With i-Aware, soldiers can receive a wide variety of information into the goggles, such as full-motion video from an unmanned aerial vehicle (UAV) carrying out overhead surveillance, GPS map location information, or a still photograph identifying a key target individual.

The images they see can also be automatically transmitted to a unit leader or a Command and Control centre.

Not only does this mean they do not have to take their eyes off the scene to look at another device such as a hand-held computer, it also reduces the total number of gadgets carried, freeing the soldier from the bulk and weight.

The soldier can readily select just how much he sees and transmits according to his mission.

Michael LoDebole, director of international business development for ITT Exelis’ Night Vision International Marketing department, said: "Using ergonomically-designed switches, the soldier can dial in to exactly the information he wants to see so he’s not overloaded with a bunch of information when he needs to make a critical decision."

"Qioptiq aims to stay ahead of technological breakthroughs with its own world-class optical component."

This i-Aware technology combines with sensor fusion innovations in IRR Exelis’ Spiral Enhanced Night Vision Goggle and without sensor fusion in the export variant, the Tactical Mobility Night Vision Goggle (TMNVG).

This capability is delivered without sacrificing weight or bulk. LoDebole explained: "The TMNVG actually weighs less than the current PBS-14 goggle that’s widely fielded throughout the world and has a tube and housing around it. We’re providing more capability in a smaller, lighter package."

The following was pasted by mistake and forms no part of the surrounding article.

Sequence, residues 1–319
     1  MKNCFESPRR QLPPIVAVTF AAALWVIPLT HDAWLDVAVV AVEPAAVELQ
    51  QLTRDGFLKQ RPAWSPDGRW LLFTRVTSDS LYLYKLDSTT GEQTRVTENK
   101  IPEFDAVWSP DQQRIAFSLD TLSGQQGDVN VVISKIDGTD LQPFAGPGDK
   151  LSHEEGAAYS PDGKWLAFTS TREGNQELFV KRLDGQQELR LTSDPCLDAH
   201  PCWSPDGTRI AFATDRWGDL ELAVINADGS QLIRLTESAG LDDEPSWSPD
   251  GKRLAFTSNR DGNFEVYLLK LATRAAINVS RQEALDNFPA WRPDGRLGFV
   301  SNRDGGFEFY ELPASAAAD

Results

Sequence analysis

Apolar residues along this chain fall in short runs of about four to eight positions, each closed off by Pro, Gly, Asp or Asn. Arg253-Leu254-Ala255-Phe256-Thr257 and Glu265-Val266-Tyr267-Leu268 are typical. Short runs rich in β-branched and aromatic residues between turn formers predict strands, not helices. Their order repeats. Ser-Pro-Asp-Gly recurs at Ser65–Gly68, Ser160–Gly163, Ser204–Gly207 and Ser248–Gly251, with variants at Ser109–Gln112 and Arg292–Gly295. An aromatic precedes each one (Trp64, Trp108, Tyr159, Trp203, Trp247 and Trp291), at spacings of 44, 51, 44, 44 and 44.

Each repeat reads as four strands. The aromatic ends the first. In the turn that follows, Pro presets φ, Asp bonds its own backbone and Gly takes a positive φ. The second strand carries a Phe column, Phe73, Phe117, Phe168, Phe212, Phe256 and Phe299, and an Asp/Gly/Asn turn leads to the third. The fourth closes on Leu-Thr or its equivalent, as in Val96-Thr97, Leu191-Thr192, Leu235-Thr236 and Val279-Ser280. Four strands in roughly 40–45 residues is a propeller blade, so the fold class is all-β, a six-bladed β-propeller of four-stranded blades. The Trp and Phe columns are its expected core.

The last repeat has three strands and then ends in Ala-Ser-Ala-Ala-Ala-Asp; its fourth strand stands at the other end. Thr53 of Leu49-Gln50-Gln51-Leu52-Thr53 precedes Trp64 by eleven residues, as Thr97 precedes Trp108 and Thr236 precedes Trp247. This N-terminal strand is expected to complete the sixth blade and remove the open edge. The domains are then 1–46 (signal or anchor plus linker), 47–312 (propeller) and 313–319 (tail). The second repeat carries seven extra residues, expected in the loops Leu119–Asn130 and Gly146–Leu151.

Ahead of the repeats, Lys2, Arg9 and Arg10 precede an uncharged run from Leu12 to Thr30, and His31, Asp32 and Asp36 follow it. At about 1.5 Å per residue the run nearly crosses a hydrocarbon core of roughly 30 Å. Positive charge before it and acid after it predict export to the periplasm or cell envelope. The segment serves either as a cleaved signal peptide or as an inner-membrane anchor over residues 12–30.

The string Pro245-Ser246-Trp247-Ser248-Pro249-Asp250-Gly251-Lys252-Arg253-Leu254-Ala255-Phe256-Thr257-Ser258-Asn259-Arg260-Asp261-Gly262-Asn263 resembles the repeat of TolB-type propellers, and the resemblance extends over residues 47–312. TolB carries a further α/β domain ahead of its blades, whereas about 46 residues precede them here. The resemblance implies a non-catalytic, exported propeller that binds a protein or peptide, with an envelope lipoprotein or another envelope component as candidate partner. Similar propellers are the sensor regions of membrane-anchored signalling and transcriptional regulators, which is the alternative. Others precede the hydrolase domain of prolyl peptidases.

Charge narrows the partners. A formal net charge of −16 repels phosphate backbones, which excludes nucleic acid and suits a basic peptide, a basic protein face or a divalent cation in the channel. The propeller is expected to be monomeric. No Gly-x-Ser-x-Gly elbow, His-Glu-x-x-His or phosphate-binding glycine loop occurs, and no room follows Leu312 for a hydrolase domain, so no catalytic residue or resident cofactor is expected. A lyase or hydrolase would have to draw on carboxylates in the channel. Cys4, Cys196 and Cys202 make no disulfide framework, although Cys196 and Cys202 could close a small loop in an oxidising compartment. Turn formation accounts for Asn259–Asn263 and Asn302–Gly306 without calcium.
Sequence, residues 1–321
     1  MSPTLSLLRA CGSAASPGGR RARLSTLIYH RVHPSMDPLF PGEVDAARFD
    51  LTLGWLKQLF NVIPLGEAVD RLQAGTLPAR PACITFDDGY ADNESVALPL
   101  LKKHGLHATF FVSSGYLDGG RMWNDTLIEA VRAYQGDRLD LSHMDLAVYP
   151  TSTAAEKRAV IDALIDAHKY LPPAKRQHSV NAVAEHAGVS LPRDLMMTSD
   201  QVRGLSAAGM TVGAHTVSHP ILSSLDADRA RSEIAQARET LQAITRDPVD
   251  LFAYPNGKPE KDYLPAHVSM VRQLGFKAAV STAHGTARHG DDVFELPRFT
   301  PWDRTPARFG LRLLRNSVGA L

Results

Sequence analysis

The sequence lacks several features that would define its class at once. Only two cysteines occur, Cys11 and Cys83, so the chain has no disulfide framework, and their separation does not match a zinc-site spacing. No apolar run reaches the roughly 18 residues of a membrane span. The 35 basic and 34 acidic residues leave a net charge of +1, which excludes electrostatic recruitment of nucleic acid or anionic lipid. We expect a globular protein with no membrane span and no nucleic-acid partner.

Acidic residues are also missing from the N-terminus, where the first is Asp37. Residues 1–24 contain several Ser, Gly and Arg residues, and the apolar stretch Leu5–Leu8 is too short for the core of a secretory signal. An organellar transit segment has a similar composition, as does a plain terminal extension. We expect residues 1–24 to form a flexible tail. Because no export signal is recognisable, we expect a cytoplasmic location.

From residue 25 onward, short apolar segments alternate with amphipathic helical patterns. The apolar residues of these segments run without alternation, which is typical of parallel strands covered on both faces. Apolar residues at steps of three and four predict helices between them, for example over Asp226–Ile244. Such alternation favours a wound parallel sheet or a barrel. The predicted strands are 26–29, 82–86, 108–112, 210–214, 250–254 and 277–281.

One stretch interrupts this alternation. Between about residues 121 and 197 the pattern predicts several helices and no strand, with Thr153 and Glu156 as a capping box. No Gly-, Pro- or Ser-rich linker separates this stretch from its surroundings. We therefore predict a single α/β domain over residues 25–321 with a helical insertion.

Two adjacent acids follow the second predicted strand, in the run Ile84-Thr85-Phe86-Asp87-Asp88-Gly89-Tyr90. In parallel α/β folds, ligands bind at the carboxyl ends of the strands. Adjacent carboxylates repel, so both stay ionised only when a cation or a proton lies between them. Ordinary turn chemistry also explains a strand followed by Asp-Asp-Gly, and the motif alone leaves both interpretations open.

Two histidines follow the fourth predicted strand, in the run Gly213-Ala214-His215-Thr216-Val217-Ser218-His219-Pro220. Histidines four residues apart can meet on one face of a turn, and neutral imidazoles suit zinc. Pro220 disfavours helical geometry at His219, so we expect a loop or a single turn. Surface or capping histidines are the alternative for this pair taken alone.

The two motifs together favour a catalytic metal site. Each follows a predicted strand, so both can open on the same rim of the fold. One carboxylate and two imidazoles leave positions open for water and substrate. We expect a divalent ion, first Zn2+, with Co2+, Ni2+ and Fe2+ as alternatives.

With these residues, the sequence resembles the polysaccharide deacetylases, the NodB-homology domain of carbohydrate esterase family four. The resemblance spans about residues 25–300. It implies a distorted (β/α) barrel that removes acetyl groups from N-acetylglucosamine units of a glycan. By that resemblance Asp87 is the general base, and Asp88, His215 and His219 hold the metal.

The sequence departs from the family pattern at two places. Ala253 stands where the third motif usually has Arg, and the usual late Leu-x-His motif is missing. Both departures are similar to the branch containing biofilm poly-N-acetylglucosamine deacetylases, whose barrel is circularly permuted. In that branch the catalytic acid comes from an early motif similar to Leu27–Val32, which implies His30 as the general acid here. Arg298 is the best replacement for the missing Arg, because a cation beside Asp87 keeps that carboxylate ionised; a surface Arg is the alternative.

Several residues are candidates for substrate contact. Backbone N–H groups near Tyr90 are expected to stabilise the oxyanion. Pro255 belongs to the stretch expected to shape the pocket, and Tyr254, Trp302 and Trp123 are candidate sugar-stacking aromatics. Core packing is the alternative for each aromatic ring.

Smith predicts the future of NV will revolve around this ability to share information. "Lethality is now all about the time from detection the time of engagement," he said.

"The battlefield is getting smaller and smaller, and we need to be able to help the soldiers make faster decisions about what they need to do and how to engage their target. I-Aware was specifically developed with that in mind."

Qioptiq – unleashing dragon technology

Another company with an eye to the future of NV and thermal equipment is the world’s largest photonics solutions provider Qioptiq. Launched in late 2010, its latest range of thermal weapons sights, Dragon, comes in a range of size, weight and power for a variety of ranges and users.

One of these, the Dragon C (compact), is primarily designed to be used as an in-line ‘clip on’ thermal weapon sight, allowing the user to retain his existing magnifying day sight on the weapon without affecting aim. Ultra light at just 375g, it can also be used on its own or as a hand-held device.